‘None of this is self pity. I don’t blame anyone for where I am. I got myself here and there comes a time when you need to make change. If I don’t, I’ll be in the ground.’ I ask Mark about the bandage on his leg. ‘I had cuts and scratched at the scabs. My fingers were dirty from the street. The cuts got infected and turned into ulcers.’
Mark has asked me to share his story with you because he is determined to raise awareness of how choices around drugs impact the users, their families and friends.
‘If I can change one life, for someone not to use any drug – cannabis, ecstasy, spice, heroin and all the rest – then I’ve achieved something. I want people to just say no. Please don’t make the choices I did.’
And if Mark could have three wishes, what might they be?
‘First I’d have my family back. After dad and mum died, our family split and I’ve lost touch with all of them, including my sister. Second, I’d have my leg back. And third, I would not have made the mistakes I’ve made in life.’
This takes you to a version of Mendelssohn’s beautiful ‘Rivulet’
Extraordinary magic is at play in the semi ancient woodland of Speke Hall, an outstanding Tudor mansion situated on the shores of the River Mersey and just a few miles from the vibrant city centre of Liverpool.
The picture book hall is a fairytale wattle and daub building, dating from the 1500s. And while a visit to the characterful and historic interior is very special, for me the experience of the bluebell wood is out of this world!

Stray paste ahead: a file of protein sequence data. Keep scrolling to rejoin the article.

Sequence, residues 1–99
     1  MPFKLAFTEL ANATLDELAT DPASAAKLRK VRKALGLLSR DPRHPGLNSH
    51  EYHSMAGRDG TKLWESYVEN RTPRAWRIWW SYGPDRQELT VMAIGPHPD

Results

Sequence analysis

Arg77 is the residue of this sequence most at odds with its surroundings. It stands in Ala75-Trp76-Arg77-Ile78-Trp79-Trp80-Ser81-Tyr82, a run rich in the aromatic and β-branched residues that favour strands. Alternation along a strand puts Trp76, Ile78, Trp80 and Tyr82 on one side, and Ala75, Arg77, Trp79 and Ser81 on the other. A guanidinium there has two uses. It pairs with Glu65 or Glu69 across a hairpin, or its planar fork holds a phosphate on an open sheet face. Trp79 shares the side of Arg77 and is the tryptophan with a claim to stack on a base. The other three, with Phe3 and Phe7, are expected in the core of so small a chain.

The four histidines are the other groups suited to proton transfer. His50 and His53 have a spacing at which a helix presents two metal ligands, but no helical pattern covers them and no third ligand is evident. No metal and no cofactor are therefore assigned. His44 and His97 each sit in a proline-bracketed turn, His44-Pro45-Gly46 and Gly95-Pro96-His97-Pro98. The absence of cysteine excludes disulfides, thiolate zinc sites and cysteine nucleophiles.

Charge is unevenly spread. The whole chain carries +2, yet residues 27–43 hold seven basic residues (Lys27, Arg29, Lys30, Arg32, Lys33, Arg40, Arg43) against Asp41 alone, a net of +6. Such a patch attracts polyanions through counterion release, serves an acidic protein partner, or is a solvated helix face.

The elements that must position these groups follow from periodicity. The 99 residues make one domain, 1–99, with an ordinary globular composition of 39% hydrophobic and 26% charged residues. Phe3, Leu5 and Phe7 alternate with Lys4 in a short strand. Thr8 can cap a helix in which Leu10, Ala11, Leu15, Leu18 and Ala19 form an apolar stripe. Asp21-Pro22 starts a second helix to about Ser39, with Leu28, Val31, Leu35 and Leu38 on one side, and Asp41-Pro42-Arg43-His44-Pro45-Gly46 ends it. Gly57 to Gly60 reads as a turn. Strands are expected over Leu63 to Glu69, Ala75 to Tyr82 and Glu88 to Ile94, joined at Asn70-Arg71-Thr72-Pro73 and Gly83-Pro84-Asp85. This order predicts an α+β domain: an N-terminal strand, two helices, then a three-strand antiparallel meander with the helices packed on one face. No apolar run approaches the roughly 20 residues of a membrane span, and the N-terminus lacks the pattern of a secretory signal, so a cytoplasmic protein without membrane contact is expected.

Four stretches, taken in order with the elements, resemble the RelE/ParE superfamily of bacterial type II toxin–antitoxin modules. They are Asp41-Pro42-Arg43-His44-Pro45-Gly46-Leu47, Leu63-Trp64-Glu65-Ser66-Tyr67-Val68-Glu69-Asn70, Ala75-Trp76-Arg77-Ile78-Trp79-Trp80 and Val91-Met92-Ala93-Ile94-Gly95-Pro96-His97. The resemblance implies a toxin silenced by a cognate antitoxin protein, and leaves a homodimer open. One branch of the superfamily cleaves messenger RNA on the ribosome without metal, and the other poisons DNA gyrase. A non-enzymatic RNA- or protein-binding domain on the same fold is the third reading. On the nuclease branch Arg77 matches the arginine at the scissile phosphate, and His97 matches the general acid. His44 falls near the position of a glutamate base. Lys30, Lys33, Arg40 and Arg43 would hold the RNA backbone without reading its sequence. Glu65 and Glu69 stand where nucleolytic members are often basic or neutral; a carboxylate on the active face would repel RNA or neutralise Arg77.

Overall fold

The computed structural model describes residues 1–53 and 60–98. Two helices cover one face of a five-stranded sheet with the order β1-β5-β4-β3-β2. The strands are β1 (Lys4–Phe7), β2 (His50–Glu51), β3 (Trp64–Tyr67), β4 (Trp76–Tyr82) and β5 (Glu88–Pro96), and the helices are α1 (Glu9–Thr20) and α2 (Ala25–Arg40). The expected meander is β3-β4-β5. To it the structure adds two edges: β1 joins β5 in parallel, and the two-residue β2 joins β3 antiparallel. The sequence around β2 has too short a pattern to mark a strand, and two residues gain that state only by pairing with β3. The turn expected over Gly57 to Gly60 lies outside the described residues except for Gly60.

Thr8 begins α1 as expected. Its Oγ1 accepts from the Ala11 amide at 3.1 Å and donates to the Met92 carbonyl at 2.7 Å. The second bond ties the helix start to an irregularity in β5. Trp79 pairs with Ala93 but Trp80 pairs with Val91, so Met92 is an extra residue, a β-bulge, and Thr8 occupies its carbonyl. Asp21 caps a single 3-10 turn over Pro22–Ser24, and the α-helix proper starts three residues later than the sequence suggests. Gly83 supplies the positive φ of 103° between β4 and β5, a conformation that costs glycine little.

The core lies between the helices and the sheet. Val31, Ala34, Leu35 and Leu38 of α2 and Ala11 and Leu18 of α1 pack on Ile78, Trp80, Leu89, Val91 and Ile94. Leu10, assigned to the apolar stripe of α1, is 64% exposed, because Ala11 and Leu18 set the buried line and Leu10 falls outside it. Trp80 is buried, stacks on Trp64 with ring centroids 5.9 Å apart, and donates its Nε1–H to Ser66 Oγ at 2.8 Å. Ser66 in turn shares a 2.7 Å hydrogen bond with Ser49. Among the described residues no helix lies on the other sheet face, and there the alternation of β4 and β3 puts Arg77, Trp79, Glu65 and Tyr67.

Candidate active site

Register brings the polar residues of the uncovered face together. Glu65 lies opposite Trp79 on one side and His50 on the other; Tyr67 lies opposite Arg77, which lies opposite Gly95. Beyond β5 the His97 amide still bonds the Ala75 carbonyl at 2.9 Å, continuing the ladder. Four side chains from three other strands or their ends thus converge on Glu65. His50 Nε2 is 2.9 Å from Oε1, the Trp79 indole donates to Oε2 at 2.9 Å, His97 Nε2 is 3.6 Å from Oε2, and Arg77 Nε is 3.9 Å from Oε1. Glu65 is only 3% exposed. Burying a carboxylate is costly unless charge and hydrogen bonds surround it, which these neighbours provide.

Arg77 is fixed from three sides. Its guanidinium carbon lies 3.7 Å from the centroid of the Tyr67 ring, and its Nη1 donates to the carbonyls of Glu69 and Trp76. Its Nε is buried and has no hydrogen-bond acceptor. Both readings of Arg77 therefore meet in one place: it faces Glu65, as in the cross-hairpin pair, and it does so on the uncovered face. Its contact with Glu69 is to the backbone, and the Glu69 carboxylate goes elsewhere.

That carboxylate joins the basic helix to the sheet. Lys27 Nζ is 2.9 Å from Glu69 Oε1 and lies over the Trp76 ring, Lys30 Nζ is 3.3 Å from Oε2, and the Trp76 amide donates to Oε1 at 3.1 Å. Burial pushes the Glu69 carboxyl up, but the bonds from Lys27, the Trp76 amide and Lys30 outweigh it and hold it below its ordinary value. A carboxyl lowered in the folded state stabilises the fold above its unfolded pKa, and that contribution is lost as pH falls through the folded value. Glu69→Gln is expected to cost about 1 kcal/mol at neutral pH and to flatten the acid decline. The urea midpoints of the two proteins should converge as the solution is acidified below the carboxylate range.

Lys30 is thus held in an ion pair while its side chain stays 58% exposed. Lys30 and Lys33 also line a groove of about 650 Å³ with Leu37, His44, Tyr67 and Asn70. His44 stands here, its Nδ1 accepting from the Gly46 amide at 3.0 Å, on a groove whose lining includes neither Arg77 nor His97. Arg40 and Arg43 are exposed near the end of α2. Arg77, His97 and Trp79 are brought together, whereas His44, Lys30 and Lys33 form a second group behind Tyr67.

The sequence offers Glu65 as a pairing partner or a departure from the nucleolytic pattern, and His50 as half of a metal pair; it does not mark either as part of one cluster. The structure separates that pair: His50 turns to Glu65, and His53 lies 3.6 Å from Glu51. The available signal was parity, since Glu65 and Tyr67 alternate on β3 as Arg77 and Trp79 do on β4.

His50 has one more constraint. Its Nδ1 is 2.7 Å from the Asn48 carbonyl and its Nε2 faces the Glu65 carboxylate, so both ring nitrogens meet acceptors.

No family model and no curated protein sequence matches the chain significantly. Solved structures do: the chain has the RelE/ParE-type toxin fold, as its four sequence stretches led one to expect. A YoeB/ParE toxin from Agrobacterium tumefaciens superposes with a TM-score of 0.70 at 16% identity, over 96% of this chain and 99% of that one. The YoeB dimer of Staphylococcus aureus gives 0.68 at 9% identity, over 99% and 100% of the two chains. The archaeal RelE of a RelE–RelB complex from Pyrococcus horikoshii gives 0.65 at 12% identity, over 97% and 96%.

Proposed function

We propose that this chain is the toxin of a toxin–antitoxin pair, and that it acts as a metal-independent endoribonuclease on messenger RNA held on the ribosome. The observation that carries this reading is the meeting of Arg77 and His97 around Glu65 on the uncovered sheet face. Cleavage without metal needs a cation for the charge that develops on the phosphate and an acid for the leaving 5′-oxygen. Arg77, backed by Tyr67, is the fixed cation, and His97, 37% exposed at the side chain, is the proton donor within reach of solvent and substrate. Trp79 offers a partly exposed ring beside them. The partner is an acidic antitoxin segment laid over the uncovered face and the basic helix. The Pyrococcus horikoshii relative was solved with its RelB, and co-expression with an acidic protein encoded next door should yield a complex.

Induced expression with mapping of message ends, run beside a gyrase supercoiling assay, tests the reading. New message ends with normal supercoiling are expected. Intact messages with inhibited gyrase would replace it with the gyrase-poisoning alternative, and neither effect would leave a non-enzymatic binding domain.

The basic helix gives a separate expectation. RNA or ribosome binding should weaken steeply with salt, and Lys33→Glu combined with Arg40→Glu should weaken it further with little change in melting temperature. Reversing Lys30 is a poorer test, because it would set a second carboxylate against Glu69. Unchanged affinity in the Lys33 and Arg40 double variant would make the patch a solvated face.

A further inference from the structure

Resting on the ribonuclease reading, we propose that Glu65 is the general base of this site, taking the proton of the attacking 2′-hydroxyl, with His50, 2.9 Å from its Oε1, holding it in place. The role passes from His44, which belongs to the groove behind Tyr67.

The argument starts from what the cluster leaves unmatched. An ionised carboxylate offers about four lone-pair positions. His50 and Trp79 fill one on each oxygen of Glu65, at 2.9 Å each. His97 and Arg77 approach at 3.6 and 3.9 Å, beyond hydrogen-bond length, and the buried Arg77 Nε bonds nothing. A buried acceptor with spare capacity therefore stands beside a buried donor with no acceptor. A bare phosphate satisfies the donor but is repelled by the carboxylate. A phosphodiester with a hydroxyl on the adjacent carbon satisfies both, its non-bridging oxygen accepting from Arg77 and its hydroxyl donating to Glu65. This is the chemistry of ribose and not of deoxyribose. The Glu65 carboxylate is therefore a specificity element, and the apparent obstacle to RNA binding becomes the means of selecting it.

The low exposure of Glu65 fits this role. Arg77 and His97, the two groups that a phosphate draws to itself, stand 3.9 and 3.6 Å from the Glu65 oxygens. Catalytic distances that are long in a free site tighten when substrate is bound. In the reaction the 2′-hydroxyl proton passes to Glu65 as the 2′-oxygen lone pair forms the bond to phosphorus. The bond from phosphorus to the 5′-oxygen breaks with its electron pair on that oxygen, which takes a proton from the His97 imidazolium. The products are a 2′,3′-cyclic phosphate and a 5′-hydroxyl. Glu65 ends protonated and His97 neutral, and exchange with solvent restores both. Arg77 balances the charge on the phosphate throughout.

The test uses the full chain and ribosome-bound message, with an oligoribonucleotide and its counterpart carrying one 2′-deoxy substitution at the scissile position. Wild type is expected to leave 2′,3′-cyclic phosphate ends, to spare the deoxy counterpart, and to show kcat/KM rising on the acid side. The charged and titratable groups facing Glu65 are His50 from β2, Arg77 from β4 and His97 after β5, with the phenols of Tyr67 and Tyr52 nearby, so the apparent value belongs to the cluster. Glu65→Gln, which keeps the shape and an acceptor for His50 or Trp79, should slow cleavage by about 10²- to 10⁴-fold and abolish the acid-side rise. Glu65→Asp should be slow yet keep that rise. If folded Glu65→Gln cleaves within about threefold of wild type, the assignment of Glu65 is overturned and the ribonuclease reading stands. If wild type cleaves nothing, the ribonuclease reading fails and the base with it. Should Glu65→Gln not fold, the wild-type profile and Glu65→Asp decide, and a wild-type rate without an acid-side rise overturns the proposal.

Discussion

I choose to go when the woods are quiet, when sweet birdsong fills the air and unseen fairies might dance through fresh green fronds of unfolding fern.
In the month of May a special adventure is to follow weaving paths through a scented ocean of blue. Soon the Bell Tree appears. Breathtaking! The sculptural sound installation is the joyful creation of artist Serena Korda. Bedecked with 300 porcelain bells, the ancient oak rises out of a blue haze. The iridescent bluebells are associated traditionally with constancy, sorrow and grief.
Their magic is slow to colonise; the journey from seed to bloom is 5-7 years. When the leaves are crushed underfoot by careless walkers, the photosynthesis process to produce food is impaired. The plant may never recover and so it is important to keep to paths, and to be aware also that it is against the law to intentionally pick, uproot or destroy bluebells.
The experience is utterly dreamy! The Bell Tree enchants and the sweet bluebell ocean is deeply intoxicating!
Artist Serena Korda explains that her creation is designed to celebrate the seasons and transform anyone who sees it into a nature spirit. I love that concept!
The wonderful experience feels like tripping through a picture book! Turn the page to step out of the woodland and into the formal garden where the magnificent Tudor hall is revealed. Discover inside secret priest’s holes and glorious Jacobean and Victorian furnishings.